The Light Fantastic by Terry Pratchett part 1

To preface this post: Terry Pratchett has become my all time favorite author. He could write a dictionary and I would read it cover to cover.

Now, granted, his plots are fascinating. In all the books I’ve read so far, the main character has been a kind of unlikely or accidental hero, being a fairly average person who picks and chooses where their* morals lie, tending to lie in the gray area. In The Light Fantastic, that character is a wizard (wizards being morally gray by definition) who was kicked out of wizard university due to reading the spell book equivalent of the bible and having a mysterious, potentially dangerous and very powerful slightly sentient spell jump out and nestle in his head. Somehow, he finds himself working as a tour guide to a rich but dangerously trusting man and nearly misses death time and time again.

As interesting as this plot may be, the true reason I love Pratchett is his remarkable mastery of language. Before reading his writing, I never imagined someone could craft such witty and funny, yet unexpected commentary without feeling forced or random. Likewise, his metaphors and similes have an almost musical quality to them, coming to life on the page, hopping into your head to not just painting a picture, but carving a sculpture. For example, he described a passing spell passing through someone “as light as a thought” and mentioned once a quiet sound, “like a mouse’s heart breaking.”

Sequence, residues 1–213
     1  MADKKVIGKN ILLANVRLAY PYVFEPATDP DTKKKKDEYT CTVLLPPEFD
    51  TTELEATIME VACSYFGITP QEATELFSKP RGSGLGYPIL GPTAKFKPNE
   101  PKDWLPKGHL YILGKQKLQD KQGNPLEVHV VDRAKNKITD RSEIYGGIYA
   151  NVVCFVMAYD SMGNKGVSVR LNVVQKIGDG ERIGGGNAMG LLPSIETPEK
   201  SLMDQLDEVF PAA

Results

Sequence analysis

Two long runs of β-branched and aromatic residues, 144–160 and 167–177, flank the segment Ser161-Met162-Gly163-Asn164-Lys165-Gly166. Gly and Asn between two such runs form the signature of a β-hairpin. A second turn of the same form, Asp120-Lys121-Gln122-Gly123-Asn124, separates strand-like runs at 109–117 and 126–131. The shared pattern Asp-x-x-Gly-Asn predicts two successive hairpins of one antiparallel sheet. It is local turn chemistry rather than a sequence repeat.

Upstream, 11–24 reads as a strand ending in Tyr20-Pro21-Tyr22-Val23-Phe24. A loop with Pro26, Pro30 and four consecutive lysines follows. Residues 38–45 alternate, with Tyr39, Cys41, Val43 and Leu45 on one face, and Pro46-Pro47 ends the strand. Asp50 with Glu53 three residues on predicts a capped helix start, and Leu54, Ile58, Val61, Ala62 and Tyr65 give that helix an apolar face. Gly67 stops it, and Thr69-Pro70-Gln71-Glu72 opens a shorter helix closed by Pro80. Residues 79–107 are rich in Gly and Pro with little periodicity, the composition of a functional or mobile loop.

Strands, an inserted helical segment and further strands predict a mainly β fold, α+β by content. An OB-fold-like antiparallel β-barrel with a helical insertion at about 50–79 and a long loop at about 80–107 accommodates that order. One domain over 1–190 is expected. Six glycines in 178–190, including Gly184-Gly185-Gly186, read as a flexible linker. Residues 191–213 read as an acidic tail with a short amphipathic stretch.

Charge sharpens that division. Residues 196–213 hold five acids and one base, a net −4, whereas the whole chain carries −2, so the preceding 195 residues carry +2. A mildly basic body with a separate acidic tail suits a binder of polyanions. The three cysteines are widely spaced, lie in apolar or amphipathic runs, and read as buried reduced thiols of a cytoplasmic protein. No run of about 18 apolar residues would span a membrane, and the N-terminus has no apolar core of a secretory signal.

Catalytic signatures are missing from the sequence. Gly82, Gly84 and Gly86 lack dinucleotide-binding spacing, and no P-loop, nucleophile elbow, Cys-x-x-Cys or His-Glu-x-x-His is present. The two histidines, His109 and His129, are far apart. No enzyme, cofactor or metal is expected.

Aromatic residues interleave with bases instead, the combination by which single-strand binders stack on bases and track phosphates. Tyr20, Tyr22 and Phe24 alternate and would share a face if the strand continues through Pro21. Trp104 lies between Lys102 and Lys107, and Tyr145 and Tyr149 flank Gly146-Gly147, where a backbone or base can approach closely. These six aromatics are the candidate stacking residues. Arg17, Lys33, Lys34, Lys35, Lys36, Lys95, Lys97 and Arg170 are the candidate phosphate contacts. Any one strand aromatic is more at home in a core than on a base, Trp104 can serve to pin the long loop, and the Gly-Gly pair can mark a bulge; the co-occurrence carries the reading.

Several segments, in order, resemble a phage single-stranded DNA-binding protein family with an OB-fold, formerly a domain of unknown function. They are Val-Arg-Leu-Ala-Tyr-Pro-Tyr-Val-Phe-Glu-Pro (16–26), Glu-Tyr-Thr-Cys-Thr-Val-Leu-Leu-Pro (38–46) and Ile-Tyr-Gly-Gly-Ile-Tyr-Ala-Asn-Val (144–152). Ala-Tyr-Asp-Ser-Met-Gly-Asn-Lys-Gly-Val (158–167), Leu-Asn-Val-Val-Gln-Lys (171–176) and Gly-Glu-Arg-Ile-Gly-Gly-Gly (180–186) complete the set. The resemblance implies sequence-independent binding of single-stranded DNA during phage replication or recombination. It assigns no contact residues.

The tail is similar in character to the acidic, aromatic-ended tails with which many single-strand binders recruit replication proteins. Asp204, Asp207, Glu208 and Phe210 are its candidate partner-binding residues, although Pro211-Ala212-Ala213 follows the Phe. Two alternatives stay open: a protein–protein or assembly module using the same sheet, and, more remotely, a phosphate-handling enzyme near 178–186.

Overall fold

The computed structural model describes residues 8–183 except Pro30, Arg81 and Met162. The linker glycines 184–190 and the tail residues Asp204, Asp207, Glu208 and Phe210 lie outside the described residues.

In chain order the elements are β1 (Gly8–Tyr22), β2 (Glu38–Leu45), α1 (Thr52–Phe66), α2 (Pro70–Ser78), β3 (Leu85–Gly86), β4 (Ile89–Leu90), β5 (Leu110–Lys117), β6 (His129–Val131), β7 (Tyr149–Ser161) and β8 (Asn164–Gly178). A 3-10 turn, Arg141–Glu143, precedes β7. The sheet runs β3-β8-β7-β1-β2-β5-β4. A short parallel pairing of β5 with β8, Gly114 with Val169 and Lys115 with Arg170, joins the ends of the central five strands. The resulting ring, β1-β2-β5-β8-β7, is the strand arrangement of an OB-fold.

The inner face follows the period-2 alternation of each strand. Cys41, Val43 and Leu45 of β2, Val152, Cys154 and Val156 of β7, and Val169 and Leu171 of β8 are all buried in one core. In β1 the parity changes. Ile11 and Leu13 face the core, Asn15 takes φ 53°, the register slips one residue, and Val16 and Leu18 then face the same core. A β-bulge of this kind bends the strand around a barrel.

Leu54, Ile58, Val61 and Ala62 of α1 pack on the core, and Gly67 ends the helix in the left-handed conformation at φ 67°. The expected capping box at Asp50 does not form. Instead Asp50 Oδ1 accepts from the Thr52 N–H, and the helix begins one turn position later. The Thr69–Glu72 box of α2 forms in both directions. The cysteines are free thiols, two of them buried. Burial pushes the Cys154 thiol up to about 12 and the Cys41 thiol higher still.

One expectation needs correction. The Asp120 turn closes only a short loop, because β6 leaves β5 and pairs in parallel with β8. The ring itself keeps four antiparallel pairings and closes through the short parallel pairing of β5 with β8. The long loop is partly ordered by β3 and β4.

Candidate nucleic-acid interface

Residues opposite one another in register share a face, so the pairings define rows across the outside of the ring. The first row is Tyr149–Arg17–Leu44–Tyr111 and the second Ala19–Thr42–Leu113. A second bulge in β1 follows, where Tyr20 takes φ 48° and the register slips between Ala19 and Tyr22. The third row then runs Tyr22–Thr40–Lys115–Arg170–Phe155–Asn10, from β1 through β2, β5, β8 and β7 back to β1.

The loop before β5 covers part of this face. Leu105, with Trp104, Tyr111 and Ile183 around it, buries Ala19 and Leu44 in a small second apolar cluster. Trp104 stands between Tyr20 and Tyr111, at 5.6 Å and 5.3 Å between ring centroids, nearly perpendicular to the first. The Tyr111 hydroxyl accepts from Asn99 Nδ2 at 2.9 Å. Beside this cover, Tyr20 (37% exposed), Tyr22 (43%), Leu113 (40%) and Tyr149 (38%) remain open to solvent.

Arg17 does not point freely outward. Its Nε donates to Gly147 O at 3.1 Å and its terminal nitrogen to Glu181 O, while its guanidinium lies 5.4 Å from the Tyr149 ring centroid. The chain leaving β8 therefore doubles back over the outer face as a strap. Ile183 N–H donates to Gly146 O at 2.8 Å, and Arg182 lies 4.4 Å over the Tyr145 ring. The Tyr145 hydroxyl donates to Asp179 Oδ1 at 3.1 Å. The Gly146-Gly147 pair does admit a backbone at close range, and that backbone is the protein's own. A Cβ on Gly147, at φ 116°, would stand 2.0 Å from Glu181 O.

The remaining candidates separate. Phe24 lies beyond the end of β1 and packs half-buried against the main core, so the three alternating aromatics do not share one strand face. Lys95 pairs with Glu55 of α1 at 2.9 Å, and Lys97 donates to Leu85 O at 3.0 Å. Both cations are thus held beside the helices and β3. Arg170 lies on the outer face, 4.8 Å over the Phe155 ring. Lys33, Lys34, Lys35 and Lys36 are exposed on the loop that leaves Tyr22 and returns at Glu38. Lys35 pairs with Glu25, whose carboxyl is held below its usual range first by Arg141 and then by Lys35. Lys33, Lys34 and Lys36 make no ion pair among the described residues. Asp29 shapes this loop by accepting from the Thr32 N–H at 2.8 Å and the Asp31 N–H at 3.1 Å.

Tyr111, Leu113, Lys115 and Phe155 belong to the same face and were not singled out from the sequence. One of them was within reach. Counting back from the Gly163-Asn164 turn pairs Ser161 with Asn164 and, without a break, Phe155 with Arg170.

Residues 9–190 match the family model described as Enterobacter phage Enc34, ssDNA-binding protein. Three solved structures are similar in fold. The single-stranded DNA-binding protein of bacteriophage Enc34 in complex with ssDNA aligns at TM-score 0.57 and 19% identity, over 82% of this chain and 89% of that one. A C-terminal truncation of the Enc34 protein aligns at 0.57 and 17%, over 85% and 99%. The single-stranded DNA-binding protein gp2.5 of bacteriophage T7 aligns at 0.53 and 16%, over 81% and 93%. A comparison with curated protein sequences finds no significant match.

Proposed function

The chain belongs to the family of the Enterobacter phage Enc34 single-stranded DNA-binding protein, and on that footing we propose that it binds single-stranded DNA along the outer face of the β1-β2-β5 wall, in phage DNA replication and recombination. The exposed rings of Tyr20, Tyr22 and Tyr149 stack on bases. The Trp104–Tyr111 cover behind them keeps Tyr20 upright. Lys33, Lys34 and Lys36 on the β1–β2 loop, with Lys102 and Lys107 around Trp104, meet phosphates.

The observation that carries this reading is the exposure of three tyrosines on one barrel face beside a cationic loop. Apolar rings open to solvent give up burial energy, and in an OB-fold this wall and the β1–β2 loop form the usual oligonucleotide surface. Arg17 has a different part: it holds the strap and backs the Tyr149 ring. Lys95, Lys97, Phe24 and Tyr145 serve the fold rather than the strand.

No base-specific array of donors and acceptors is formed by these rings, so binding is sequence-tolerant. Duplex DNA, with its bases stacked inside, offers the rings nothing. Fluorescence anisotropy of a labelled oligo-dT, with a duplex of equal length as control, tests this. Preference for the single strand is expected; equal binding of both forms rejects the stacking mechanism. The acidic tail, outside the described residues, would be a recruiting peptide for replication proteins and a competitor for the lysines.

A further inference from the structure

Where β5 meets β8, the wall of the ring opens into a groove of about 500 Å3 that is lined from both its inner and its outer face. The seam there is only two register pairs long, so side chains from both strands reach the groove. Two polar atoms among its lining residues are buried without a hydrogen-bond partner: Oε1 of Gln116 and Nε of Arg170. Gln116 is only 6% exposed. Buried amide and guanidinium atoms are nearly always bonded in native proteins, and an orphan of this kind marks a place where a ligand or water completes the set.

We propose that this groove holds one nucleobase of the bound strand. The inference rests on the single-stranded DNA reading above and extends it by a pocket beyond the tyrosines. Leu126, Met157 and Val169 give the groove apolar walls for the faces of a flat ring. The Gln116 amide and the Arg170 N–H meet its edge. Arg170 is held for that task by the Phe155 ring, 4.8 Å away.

Like I said, if Pratchett wrote a dictionary, I would pour over every syllable. 

The Light Fantastic is interesting and funny, but it isn’t really a story, more of an experience. The main characters are protected from danger by plot, and I would never imagine anything south of melancholy appearing on the page. Likewise, the only messages I’ve gotten from the books so far are to be open to new experiences and enjoy adventures such as the one the books take you on. Again and again, they explore the world Terry Pratchett creates, with the perfect mix of new and familiar encounters. Finally, the lack of chapters means that the story never stops, just like in real life.

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